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Undead by Kirsty McKay
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Aug 28, 12


Culturally confused Bobby has survived the week from hell; A ski trip to Scotland with her new classmates, amounting to little more than constant ribbing for her transatlantic expressions. All she wants to do now is keep her head down and get home without attracting any further attention from her British tormentors.

Opting to stay out of their way, Bobby remains on the coach while all but one of her cohorts pile, through thick snow, in to the secluded services. Irritated that her quiet solitude, not to mention her plans for a private pee, have been interrupted, Bobby does her best to ignore leather clad “rebel without a pause”, Smitty.

Outside the snow picks up, wrapping the bus in a white coat and cutting the passengers off from the outside world, until a single, pink hand slaps against the windscreen and swipes at the cold covering …

The new girl, the popular girl who touches up her lip gloss mid apocalypse, the rebel with a not so hidden heart and the nerdy, asthmatic conspiracy theorist- a group of people who would have avoided eating lunch together before the intervention of lumbering, reanimated corpses, but who now depend on each other for their very survival.

I know what you are thinking, a group of mismatched teens, thrown together for survival- been there seen/read that! Mckay embraces this and other familiar elements from horror stories and teen movies, infusing them with an energy and freshness that prevents it from feeling trite or clichéd.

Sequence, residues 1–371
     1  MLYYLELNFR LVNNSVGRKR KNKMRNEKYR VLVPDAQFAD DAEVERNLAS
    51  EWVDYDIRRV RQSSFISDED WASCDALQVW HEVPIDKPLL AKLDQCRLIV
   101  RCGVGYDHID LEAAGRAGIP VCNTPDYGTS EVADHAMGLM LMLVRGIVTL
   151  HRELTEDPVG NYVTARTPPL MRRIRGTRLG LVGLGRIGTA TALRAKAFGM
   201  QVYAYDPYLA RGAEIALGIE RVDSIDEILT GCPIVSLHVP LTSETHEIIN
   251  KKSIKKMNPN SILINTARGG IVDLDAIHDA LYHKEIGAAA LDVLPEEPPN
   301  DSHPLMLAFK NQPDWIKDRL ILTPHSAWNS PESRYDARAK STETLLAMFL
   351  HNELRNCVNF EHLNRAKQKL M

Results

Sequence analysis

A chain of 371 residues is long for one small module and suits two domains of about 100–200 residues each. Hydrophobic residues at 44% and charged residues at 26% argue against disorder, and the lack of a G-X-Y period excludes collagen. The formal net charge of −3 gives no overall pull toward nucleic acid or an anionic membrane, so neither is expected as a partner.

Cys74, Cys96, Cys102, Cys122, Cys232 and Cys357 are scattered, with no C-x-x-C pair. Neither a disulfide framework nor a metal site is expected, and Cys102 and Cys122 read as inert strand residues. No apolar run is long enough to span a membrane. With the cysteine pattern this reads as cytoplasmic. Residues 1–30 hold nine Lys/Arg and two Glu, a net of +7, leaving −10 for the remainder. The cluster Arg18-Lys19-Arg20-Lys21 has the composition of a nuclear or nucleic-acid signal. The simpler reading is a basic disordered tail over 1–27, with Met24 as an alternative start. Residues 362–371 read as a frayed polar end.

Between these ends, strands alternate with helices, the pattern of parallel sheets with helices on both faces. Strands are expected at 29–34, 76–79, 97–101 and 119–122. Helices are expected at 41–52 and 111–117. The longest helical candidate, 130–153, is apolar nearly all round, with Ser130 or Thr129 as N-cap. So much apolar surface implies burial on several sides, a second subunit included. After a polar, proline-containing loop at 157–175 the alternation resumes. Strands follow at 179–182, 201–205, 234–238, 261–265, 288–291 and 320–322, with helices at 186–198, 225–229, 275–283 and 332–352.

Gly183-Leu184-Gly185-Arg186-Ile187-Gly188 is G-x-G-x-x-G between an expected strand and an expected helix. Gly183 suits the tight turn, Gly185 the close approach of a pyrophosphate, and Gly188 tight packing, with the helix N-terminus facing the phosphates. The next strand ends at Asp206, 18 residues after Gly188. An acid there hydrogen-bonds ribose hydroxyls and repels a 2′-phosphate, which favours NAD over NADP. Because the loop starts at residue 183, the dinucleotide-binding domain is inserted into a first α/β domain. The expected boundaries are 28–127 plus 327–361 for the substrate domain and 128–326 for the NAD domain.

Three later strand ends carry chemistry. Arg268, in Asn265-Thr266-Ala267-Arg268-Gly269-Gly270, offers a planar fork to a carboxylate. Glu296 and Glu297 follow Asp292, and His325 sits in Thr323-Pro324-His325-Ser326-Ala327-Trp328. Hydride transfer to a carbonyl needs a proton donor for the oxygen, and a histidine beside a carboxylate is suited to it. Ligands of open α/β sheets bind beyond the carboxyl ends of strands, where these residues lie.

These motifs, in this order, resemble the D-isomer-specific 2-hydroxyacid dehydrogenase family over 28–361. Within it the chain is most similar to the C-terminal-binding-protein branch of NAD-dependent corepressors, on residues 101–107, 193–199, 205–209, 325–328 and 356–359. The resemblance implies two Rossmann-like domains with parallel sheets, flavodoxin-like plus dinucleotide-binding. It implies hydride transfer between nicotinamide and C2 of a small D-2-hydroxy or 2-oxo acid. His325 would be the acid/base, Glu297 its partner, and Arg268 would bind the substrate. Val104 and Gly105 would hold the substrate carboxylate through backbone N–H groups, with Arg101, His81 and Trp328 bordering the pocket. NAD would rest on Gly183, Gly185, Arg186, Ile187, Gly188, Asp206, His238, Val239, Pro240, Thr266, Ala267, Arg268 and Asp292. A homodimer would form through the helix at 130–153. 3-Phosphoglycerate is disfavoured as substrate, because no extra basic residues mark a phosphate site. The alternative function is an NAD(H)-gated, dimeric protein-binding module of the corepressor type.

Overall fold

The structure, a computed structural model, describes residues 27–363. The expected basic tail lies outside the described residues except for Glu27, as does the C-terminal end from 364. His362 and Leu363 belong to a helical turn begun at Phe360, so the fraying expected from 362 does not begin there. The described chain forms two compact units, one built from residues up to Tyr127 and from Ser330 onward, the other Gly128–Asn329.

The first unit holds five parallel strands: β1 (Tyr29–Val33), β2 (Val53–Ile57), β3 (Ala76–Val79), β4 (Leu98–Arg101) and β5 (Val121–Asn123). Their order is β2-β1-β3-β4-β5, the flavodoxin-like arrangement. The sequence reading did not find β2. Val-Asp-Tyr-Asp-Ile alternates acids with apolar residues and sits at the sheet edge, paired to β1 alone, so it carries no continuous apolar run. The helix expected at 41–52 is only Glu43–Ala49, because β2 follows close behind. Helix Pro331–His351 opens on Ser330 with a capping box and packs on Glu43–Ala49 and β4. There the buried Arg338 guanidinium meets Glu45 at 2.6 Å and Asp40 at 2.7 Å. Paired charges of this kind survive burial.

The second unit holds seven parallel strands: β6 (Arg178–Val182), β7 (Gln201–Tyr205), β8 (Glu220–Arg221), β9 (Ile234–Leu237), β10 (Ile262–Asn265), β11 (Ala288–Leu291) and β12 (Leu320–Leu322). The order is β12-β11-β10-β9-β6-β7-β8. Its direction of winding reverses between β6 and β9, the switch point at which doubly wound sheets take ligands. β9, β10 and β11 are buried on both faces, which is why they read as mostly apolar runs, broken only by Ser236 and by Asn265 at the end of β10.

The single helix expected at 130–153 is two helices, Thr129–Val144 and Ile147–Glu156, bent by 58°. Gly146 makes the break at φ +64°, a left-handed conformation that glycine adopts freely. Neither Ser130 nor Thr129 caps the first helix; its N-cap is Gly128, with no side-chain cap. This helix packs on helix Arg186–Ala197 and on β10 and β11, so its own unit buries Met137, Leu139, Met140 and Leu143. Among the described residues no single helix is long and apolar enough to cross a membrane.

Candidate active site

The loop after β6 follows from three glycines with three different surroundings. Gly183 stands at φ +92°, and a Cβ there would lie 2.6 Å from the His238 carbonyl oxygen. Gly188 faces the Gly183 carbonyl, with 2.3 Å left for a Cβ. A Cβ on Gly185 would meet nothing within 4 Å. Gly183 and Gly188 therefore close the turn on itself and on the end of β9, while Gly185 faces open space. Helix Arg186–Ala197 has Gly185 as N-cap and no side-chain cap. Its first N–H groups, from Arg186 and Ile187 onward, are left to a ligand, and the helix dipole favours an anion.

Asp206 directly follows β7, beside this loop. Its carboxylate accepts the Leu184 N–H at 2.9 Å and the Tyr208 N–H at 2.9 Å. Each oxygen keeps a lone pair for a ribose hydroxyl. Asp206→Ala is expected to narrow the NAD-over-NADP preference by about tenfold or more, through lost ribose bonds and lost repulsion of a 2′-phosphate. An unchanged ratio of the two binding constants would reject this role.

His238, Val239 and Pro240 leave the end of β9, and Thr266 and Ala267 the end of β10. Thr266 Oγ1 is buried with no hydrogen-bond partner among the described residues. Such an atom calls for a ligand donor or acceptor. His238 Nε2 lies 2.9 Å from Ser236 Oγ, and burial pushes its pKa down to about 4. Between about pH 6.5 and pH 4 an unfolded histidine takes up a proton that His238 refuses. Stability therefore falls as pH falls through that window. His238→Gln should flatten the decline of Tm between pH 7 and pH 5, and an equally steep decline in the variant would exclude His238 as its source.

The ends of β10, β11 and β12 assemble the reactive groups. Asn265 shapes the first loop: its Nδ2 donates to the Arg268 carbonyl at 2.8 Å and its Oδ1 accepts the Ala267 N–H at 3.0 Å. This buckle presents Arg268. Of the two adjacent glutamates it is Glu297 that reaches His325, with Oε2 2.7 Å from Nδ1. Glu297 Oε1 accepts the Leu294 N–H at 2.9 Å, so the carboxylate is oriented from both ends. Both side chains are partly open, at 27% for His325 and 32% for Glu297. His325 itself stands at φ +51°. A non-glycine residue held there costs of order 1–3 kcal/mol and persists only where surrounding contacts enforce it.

The fantastically snarky banter and surprisingly tender heart-warming moments provide relief to the background of gore and mounting tension. The laugh out loud humor has prompted some comparisons with the fabulously funny “Shaun of the Dead” film. While Undead doesn’t contain the visual comedy and slapstick elements (although what Smitty can’t do with a snowboard isn’t worth knowing), I think that fans of the film will enjoy the black humor both mediums share.

While Undead has all of the necessary carnage, gore and violence you would expect from a story featuring teens battling flesh eating zombies, you can rest assured that you are unlikely to lose your lunch. McKay provides enough description to transport you in to frozen rural Scotland, but avoids the overly graphic details, which make some horror books hard to stomach.

As the tension built I was loathe to put the book down (and not least because I was reluctant to leave my safe warm, zombie free home to take my puppy out in the pitch black for her nightly constitutional), and I had to stay up in to the small hours to see how they would escape one perilous situation after another.

Verdict: Fun and likeable characters populate this eerie and atmospheric page-turner. I will definitely be picking up a copy of the sequel, Unfed when It is released next month.
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